Looking at the status of the G20 economies, one might say nothing works. Keynesianism taken extreme has led to negative interest rates, moderate unemployment and no growth. Neo-liberalism generated uncontrolled banks, opinionated leadership and polarization of welfare. Trickle down economics do not work at all, especially if we look at the African or the Latam economics. Even the Chinese market-oriented communism is crumbling here and there. So now what?
Archive for Stocks
As promised earlier on our investment blog, I am coming back to the periodical analysis of the European crisis. These weeks’ radio silence is quite strange – let me explain why: at the end of July 2012 there was a loot of noise about Greece (complaining they are not able to meet the new deficit and financing targets anyway – PASHOK source) and Italy (where some regions from South were stating that they are broke). Now there was nothing new about these two countries and these weak points on their geographies. It was known since 2010 that Greece will have a very hard time to meet any financing commitments, whilst the south of Italy was never a model of public excedents in terms of budgets (especially if you look at their taxes collection history and habits). But the noise surrounding these events caused the major European stock exchanges to have mini-strokes again, whilst even some rating agencies threatened the all-mighty Germany with downgrading their ratings (based on its exposure to these two countries).
Now it is quiet on all media fronts. So quiet, that you can hear a Euro coin falling from Berlin to Athens. Could be that all politicians are on holidays – or could be that the speculating bankers are on holidays or thinking about new ways to profit from this. Either way, for me this silence is not good. So I would actually take advantage of this respiro moment to revise my investing priorities. What do you think?
Here we have compiled a short list of what an investment banker can expoect to be paid depending on the seniority and the experience.
As a general remark, 2011 is seeing a return to normal levels of pay (before crisis, id est to 2007-2008 level). This doesn’t mean unrealistic expectations from your side, but rather a coming back to normal.
As a general rule, the starting salaries for a junior investment banker range from $90,000 to $150,000. These salaries are paid usually in US by the large investment banks who operate there (salaries in Europe will be at 70-80% usually, translated in Euros at spot rate – if you can read this you can do the maths). Bonuses range from 10% to 80% and are included in the above figures anyhow. Lately the banks are trying to pay less cash and move more to offering share options even to the newcomers. This might not be a bad move – as Harvey McKay said, “it is better to own 1% of something than to control 100% of it). Read more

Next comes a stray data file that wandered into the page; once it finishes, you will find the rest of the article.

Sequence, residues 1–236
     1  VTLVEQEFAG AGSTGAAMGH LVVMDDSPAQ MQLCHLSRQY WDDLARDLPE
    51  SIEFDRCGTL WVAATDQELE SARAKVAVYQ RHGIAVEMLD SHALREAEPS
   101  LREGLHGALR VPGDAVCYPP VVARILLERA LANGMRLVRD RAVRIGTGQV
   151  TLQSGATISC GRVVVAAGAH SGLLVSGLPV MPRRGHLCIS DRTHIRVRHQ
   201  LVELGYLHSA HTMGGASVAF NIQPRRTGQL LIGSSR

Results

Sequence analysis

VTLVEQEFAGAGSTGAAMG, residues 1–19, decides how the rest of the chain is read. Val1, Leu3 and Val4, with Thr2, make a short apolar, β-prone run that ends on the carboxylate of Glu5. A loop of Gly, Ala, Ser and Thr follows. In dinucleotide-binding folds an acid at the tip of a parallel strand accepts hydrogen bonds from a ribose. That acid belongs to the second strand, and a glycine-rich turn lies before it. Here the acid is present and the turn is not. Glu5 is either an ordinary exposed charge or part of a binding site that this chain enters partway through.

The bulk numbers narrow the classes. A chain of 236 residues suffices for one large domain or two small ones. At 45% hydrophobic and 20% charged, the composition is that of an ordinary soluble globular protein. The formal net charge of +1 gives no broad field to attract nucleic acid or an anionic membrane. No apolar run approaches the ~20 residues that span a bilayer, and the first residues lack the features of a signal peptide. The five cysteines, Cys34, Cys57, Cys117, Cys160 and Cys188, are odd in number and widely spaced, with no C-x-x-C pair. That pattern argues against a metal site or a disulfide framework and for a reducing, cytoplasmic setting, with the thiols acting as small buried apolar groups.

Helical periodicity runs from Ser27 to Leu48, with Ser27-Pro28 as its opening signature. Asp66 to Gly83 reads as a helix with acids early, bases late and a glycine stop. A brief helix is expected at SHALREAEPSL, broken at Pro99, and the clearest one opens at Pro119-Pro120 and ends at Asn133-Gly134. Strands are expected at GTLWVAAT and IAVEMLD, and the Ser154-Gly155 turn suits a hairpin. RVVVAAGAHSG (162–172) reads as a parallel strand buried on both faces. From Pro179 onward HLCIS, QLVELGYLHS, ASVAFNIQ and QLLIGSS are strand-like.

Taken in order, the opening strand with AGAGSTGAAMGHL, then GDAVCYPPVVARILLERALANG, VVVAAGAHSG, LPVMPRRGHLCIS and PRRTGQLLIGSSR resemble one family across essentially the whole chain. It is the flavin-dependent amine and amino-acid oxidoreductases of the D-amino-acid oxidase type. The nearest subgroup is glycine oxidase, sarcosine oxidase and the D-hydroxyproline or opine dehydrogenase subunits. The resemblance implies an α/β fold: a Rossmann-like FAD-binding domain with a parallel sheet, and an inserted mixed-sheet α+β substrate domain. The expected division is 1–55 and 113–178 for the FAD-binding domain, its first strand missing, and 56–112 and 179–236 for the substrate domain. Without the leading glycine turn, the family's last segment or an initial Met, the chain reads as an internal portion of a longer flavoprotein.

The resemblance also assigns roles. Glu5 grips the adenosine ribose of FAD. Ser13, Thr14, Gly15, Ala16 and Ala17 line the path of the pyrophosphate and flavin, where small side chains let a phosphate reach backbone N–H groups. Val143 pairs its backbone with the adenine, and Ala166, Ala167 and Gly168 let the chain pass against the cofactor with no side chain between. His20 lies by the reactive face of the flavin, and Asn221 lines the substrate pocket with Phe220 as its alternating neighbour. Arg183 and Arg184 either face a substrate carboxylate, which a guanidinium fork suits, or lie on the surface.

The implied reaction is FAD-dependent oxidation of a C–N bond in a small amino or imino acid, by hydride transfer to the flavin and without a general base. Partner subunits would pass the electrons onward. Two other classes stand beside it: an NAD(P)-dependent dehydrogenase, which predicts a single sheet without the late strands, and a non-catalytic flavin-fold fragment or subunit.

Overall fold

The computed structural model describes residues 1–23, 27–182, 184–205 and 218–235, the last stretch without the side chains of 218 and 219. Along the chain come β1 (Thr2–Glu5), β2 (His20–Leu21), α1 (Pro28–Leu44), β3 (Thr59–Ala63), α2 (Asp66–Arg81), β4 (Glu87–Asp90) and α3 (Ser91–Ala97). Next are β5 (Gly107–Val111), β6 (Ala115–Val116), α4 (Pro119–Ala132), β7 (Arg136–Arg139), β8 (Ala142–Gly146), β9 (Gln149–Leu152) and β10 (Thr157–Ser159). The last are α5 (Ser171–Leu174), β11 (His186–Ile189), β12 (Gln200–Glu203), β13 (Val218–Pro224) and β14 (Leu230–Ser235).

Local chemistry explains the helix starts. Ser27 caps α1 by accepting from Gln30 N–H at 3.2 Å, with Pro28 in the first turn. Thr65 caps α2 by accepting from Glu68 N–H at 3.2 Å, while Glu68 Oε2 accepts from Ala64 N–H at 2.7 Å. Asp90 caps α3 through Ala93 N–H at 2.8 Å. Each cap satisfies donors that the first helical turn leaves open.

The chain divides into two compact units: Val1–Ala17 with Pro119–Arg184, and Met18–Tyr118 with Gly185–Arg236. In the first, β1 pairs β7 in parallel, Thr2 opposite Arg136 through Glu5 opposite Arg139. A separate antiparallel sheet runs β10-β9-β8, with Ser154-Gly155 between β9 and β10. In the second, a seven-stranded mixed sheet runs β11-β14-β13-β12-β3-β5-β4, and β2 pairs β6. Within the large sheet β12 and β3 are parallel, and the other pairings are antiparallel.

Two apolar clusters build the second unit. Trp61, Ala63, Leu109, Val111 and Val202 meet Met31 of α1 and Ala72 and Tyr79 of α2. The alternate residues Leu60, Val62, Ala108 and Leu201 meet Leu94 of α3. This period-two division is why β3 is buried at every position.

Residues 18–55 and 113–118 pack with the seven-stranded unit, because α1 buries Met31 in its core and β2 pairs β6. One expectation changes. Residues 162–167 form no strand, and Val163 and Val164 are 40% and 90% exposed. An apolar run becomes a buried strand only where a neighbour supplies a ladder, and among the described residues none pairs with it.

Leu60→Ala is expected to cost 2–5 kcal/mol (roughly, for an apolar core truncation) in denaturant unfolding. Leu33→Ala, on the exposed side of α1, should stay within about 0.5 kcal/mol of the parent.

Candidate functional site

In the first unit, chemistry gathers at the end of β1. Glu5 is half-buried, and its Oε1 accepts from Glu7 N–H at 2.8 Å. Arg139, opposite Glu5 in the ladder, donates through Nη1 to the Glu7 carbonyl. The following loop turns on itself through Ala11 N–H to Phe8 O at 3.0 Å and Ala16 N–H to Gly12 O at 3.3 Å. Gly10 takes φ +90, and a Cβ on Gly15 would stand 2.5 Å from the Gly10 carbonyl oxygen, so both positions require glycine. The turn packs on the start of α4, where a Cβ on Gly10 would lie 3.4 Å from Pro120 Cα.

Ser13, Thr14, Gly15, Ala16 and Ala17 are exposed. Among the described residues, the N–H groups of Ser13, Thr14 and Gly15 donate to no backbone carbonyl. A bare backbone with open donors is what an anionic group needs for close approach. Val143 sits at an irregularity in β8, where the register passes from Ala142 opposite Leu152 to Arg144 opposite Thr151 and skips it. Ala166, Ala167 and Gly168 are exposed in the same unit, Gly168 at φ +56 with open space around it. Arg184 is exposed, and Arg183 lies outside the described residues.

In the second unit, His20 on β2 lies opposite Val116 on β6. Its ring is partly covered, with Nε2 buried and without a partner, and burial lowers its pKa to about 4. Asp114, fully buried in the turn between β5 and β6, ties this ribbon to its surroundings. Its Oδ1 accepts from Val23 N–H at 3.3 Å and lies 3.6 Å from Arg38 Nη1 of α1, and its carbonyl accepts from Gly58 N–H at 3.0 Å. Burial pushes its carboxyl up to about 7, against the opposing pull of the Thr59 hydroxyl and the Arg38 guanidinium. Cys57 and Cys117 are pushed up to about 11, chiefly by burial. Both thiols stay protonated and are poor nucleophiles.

Just as we discussed about the LinkedIn IPO, another piece of news hits the shelves of Internet. Yandex, Russia’s largest search enngine (and often compared to Google), entered the NASDAQ market. Yandex is not the first but still an important player on the latest string of internet companies listed in the US. The price of Yandex’s shares has increased with 50% in the first day of trading., which is good news. However, the signals of the stock markets are mixed: for example RenRen, the Chinese Facebook, now trades for less than the issue price, which means that some speculative activity was at play during the initial listing.
Yandex is not quite a child company. In March 2011, the yandex.ru website attracted 38.3 million unique visitors. It also has a 64% market share of all the Russia searches, which is quite impressive. However, the share is declining, as Google and Yahoo are bidding aggressively to enter that market.
The Yandex technology is a bit older than its competitors and dates from 1989-1990, when Yandex technology was first developed in partnership with the language experts from the Academy of Sciences as
a search system for the government of the Soviet Union. Since then, it has aggressively expanded to become one of the largest search engines in the world, with an algorithm quite different from its US counterparts.
One more book about trading various financial assets… Shouldn’t the world be tired about these?
I guess not. Trading is a financial knowledge field which advances at a blistering pace, not only technologically, but also behaviorally. Take for example the way the introduction of the Ipad has changed the trading behavior of the masses – now you can research, plan and place your orders online, straight from your morning coffee table. Isn’t this brave new world wonderful?
Yes it is my friends. But it is also dramatically different from one year ago. Think about it a little – how many traders are now online compared with 5 years ago? (this means increased competition, right?) How many tools are you using today compared with one year previously? How did the playing field changed?
Yesterday a piece of news from the Wall Street Journal hit the markets – Google intends to launch a tablet simillar to the Apple IPad as functionalities. And of course, its stock increased a bit.
Whilst this is good news for Google and bad news for Apple, I wonder why people are surprised at the news. After all, Google is the larges internet player on the planet Earth and it should go on that direction. What surprises me is why Google is trying to launch such a device so late…
…which brings my thoughts to the idea that in gadget terms, Google is an Apple follower. But not in the bad sense of the word. Surprisingly enough, Google might have the ability to take a newly launched product and make it better than its no.1 competitors. It is the old strategy of the largest FMCG producer in the World, Procter & Gamble. But whilst |P&G does this since forever and has some associated risks, Google seems to have found a nice recipy to overcome the issues. Read more